DAILY CATHOLIC    MONDAY     April 19, 1999     vol. 10, no. 76


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      This new feature that we introduce today will spotlight each member of the Conclave. We find this necessary as our dear Sovereign Pontiff Pope John Paul II grows older, clinging to hope, as we join him, of seeing the light of the Triumph of the Immaculate Heart with the dawn of the new millennium - the Jubilee Year 2000. How much longer this 264th successor of Peter has left on this earth only God knows for sure, but His Divine Mercy is evident in allowing him to be with us this long for he truly is a saint for our times, truly Christ's Vicar on earth in these waning days before the glorious Reign of the Sacred Heart, the Time of Peace, the Era of the Eucharistic Presence, the New Pentecost, the Second Advent, the Age of the Holy Spirit. What 1999 will bring we have no idea, nor does anyone else, but with John Paul II at the helm, we feel much more secure in knowing God's Will will be done. Nevertheless, we want to preview the future Pope whether that be soon or much, much later, for no one lives forever and eventually one of those prelates will be selected as the 265th successor of Peter. This will give the reader a better insight into the man whom the Holy Spirit will move the conclave to choose. Thus we bring the reader vignettes on each cardinal in alphabetical order gleaned from the Catholic Almanac, Inside the Vatican and other sources.

45.   Cardinal Bernardin Gantin

          At 77, Benin's Cardinal Bernardin Gantin is the Dean of the College of Cardinals. The influence of the Ivory Coast has been felt in Rome through the work of Gantin who was born on May 8, 1922 in the village of Toffo, Benin in the Archdiocese of Cotonou. His father was a railroad worker and his name is appropriate, meaning "Tree" (Gan) "of iron" (tin). He has been a tree of iron for the Church. Hearing the call he entered minor seminary at 14 and was ordained at the age of 29. He taught language at the seminary until Pope Pius XII summoned him two years later to Rome to study there at the College of St. Peter. While there he obtained his degrees in Theology and Canon Law from the Pontifical Urban University and Lateran University before being named titular Bishop of Tipasa di Mauritania and auxilary bishop of his home archdiocese of Cotonou on February 3, 1957. Three years later on January 5, 1960 he was assigned Archbishop of Cotonou where he would remain for the next eleven years, devoting his episcopasy to meeting the needs of all his flock, especially the native nuns and clerics. He also served as president of the Regional Episcopal Conference of the Ivory Coast during this time. In 1971 another Pope called him to Rome - this time Pope Paul VI who appointed him Secretary of the Vatican's Propaganda Fide which Pope John Paul II reorganized on June 28, 1988 calling it the Congregation for the Evangelization of Peoples.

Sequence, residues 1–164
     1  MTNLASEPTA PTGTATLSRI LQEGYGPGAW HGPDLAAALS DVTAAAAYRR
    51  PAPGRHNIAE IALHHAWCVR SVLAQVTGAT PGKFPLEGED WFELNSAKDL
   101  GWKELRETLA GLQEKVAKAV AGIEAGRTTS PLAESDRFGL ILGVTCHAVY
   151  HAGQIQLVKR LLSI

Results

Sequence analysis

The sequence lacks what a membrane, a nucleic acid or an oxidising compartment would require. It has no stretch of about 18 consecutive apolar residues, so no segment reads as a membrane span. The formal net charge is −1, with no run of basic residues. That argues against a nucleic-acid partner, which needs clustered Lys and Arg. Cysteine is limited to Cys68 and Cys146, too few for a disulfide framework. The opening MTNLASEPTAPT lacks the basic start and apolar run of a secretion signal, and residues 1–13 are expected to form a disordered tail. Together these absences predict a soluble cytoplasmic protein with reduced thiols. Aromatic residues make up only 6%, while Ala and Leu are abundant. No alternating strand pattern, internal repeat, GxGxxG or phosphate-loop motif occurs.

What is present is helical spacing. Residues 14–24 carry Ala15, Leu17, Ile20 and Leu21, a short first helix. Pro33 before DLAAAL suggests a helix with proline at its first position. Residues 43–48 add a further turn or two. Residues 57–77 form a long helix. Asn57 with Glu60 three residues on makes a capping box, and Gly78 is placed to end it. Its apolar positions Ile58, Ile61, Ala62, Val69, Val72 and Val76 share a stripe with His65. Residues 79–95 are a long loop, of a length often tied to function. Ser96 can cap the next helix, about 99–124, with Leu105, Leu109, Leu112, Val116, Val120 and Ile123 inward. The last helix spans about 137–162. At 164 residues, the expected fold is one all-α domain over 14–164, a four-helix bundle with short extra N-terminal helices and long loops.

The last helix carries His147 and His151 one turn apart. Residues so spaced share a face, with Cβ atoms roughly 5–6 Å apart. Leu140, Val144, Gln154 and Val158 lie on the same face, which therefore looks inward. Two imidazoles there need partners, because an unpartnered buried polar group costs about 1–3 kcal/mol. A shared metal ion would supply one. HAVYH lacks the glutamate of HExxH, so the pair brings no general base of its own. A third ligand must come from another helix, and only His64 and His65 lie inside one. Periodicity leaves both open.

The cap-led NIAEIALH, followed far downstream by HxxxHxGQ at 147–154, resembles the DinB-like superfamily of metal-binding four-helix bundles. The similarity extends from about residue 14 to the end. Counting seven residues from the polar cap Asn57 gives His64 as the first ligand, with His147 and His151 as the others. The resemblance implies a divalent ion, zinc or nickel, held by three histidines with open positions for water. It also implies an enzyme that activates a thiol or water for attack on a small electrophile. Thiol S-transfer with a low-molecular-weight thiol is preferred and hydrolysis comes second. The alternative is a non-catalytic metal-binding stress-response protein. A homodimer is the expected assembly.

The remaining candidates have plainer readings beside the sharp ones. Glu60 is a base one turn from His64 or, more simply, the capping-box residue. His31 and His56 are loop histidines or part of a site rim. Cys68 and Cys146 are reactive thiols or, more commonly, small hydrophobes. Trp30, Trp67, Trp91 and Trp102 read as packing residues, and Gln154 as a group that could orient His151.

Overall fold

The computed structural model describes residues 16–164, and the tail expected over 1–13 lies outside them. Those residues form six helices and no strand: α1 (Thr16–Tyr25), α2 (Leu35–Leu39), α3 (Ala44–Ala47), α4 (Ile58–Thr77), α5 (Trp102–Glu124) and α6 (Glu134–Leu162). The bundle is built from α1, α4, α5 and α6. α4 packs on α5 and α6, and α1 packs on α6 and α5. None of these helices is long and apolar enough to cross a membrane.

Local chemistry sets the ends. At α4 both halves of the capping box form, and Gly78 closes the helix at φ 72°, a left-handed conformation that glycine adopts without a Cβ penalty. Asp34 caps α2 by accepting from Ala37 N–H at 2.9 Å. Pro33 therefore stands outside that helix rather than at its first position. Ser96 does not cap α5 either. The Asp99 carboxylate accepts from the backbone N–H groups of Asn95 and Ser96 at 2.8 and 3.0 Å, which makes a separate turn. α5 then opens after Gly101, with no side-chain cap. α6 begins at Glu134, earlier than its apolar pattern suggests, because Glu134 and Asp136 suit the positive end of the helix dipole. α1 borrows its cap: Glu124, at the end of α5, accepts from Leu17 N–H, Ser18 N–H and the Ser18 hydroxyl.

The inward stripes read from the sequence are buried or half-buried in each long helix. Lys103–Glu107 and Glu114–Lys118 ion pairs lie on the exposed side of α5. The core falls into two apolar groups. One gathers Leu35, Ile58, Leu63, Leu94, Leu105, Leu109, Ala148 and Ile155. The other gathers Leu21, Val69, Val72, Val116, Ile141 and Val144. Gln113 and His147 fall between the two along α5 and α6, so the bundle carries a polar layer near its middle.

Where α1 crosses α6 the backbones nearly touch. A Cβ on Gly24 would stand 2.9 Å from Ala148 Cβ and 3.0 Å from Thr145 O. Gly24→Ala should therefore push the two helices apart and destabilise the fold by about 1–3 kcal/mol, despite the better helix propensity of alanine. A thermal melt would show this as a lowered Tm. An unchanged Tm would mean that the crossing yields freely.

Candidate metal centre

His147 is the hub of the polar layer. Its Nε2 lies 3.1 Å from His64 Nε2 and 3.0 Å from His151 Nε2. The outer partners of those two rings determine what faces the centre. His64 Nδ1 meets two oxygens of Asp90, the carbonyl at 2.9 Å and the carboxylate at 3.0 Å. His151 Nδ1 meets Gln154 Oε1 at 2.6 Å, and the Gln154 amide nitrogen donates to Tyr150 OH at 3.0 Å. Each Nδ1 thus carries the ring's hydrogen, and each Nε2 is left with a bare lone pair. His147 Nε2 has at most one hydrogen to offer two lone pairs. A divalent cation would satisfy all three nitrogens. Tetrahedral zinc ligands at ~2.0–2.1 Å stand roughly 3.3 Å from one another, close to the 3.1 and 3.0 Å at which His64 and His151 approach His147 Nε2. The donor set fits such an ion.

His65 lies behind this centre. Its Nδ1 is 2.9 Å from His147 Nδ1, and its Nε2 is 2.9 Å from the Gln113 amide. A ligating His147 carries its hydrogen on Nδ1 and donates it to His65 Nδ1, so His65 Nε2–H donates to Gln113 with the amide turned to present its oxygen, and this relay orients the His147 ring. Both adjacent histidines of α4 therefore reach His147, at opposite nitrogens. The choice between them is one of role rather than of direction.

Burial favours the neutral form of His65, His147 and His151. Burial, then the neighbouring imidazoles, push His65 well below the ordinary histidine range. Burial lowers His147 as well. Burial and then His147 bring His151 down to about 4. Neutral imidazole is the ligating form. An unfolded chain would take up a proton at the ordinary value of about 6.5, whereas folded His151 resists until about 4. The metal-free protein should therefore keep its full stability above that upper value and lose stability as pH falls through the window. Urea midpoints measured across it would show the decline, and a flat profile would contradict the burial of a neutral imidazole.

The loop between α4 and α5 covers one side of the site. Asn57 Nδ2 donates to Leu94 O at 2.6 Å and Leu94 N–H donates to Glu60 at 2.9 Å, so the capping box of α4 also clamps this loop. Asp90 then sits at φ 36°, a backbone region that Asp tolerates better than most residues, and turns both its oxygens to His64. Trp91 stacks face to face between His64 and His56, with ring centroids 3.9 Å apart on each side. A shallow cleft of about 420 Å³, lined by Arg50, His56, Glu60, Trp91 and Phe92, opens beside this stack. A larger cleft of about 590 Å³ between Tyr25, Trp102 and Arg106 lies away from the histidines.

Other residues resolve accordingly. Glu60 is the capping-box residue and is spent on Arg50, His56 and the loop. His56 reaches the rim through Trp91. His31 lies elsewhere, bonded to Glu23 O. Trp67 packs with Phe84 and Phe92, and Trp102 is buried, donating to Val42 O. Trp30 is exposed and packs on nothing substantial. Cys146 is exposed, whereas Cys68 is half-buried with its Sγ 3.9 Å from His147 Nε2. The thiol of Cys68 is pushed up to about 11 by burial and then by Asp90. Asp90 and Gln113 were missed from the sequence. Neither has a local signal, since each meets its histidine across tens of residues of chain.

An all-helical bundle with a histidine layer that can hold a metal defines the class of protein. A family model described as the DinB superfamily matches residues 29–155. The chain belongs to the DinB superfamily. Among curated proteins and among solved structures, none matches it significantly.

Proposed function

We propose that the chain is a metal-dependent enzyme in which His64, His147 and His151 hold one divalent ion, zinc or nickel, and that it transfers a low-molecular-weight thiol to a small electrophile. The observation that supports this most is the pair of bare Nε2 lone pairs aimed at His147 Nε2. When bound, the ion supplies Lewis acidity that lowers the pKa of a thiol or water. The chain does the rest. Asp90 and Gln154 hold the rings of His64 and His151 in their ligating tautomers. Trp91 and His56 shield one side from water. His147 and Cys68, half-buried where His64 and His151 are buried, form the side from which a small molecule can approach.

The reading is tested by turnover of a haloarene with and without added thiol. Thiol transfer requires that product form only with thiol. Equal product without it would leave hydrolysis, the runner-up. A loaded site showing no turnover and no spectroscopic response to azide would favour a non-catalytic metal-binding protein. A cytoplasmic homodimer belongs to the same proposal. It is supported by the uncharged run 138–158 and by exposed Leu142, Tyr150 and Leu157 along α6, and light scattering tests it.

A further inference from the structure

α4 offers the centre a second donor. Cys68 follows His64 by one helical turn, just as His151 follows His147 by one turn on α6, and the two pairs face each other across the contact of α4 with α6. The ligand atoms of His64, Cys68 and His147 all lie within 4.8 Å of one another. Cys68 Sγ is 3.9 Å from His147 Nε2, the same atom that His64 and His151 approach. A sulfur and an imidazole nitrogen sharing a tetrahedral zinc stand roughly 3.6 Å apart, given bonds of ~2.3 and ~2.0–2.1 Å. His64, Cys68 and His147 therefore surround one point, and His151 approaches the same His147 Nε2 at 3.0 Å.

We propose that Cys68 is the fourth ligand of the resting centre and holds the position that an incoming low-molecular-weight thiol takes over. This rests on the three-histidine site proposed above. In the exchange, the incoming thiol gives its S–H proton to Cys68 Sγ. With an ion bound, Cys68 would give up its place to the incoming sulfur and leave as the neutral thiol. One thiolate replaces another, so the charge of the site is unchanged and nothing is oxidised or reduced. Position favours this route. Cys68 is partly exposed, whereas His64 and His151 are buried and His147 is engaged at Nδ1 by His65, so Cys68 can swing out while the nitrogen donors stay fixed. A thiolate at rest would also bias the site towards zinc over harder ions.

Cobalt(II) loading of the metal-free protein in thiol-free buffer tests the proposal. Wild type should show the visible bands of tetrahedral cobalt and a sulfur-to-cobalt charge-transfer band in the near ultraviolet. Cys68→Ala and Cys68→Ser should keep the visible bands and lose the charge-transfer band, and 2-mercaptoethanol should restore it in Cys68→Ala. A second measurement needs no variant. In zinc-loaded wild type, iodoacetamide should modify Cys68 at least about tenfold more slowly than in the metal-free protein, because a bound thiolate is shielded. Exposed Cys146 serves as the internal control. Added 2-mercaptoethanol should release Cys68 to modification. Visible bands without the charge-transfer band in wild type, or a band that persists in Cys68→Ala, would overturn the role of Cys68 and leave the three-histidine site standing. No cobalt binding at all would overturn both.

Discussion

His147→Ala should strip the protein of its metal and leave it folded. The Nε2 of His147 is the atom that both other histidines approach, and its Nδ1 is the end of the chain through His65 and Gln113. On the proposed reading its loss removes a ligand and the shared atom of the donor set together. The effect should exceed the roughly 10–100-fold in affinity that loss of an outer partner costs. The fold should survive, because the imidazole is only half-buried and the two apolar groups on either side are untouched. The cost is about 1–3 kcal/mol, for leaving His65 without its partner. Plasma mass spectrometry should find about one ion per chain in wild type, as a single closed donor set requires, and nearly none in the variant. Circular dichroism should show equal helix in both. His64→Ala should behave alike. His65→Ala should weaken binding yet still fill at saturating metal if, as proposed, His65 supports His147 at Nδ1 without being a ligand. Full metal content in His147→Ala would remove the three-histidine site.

In 1975 the Holy Father promoted him to Vice-President of the Pontifical Commission for Justice and Peace and a year later he became President of the same commission where he would remain until 1984 in that capacity. In Paul VI's final Consistory, Cardinal Gantin was honored with the cardinalate and received his red-hat on June 27, 1977 receiving the titular church of the Sacred Heart of Christ the King as a cardinal deacon. On April 8, 1984 John Paul II promoted him to the dual role of Prefect for the Congregation for Bishops and President of the Pontifical Commission for Latin America, a position Cardinal Gantin still holds. On September 29, 1986 he was transferred to the order of cardinal bishops and received the titular bishopric of the Suburbicarian See of Palestrina. Seven years after that on June 5, 1993 he was elected the Dean of the body of bishops comprising the Sacred Conclave.

          Other curial responsibilities include membership in the second section of the Secretariat of State, the Congregation for Divine Worship and the Discipline of the Sacraments, the Congregation for the Causes of Saints, the Congregation for the Evangelization of Peoples, the Congregation for Institutes of Consecrated Life and Societies of Apostolic LIfe, and the Congregation for Catholic Education. He also is extremely involved in the Apostolic Signatura Tribunal and the Pontifical Council for the Interpretation of Legislative Texts. All in all, few prelates have been as involved in so many aspects of Church life than Cardinal Gantin but his age precludes him from becoming the first African papal possibility. Yet it could open the door for other fellow black prelates, most notable being Cardinal Francis Arinze and Cardinal Alexandre do Nascimento.

          Benin's Catholics encompass 21 per cent of the population in this fairly small country on the Ivory Coast that up until 1976 was known as Dahomey. It is a Democratic republic in west Africa bordering on the Atlantic to the south. The majority of Christians in Benin are Catholic and the hierarchy was established in 1955 with Cardinal Gantin being in on the ground-floor. Missionary efforts began in the sixteenth century and continued sporadically through the eighteenth century. It was in 1861 during the papacy of Pope Pius IX that the country was effectively evangelized. Today the capitol is Porto Novo on the coast where the Archdiocese of Cotonou has it headquarters.

April 19, 1999       volume 10, no. 76


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